Australian immigration seminars – September 2015


Edinburgh – 1st September, 2015

Birmingham – 2nd September, 2015

London – 7th September, 2015

Australian Migration & Education Seminars

Australian Seminar Series

  • Are you interested in migrating to Australia?
  • Would you like to study in Australia?
  • Do you want to find out if there are any pathways to live and work in Australia?

If you are looking to migrate or study in Australia be sure not to miss this free seminar. The seminar will be run by industry professionals and cover everything that you need to know about migrating, studying, living and working in Australia.

The seminar will be presented by industry experts and cover a wide range of topics including:

  • Why you should consider Queensland as a destination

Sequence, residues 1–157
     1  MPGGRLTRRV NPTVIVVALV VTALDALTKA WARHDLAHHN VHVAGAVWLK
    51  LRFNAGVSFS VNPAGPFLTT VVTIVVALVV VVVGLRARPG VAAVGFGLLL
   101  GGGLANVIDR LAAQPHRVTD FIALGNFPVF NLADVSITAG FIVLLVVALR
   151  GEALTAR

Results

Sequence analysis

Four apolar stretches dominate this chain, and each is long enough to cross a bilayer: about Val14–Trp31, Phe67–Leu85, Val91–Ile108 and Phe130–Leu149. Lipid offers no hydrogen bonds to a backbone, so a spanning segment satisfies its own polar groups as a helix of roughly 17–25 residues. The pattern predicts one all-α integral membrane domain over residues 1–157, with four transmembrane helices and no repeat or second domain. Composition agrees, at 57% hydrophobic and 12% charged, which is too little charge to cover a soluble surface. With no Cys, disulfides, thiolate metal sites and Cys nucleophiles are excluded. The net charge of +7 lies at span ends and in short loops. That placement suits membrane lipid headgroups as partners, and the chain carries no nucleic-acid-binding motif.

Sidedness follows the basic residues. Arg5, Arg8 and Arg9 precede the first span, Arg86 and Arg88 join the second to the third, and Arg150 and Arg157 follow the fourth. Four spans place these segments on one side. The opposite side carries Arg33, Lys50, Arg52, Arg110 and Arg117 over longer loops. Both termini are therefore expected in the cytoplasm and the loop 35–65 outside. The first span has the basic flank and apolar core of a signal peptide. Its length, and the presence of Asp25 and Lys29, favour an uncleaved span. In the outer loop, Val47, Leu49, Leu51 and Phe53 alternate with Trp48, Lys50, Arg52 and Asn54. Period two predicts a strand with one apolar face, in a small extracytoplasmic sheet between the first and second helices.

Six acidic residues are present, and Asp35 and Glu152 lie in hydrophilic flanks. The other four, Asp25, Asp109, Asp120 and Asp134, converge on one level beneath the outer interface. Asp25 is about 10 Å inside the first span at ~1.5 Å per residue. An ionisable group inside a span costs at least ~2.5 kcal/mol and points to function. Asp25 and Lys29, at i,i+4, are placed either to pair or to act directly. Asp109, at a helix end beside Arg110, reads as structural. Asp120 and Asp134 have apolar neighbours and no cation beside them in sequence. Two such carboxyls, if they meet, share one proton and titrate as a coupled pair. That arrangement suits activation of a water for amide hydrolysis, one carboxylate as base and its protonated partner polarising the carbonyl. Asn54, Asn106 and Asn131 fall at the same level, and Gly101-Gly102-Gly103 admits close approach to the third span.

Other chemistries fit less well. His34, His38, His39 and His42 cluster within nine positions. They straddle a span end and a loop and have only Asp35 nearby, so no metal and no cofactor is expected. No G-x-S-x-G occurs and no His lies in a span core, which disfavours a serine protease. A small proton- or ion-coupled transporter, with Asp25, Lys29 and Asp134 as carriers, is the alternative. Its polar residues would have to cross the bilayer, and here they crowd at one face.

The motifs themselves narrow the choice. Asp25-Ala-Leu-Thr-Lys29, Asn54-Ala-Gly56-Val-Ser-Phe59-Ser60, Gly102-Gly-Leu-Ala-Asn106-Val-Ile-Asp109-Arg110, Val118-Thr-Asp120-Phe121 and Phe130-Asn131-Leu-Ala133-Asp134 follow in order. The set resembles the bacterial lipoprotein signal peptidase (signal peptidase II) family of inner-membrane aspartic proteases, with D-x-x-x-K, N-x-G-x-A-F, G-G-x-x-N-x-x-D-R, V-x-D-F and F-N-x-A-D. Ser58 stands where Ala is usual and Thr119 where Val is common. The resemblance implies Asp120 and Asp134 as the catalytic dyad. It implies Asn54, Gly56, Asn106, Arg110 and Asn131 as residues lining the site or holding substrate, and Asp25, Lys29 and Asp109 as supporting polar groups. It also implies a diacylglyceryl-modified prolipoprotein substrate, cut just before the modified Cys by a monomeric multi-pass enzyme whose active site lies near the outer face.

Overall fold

• Different Visa Options to Australia & Queensland
  • Using study as a pathway to residency
  • Different Queensland Course Options (University, Vocational, Trade, Highschool). What can you study?
  • Queensland lifestyle
  • Specific Education Providers
  • Study Requirements
  • Costs of study
  • Banking
  • Foreign Exchange


For more information on these Australian immigration seminars please get in touch by email or register your attendance using the link below.


The presenters will include: Trade & Investment Queensland, Pathway to Aus, Commonwealth Bank of Australia and Cargil Migration.

Should I apply for an employer sponsored visa or an australian skilled visa?

When I get queries about Australian skilled visas I often get asked whether they should apply for an employer sponsored visa or an Australian skilled independent visa. For some, because of their occupation, they only can get a visa through a job offer. For others they can look at both.

I have touched on some of these issues in other blogs that I have written however the purpose of this blog is to look at some of the issues in a bit more detail.


Should I apply for an Employer Sponsored Visa or a General Skilled Migration (GSM) visa?

To provide a framework for the points I have raised, when discussing Employer Sponsored Visas this will include:

  • Temporary residents (Subclass 457) Work visa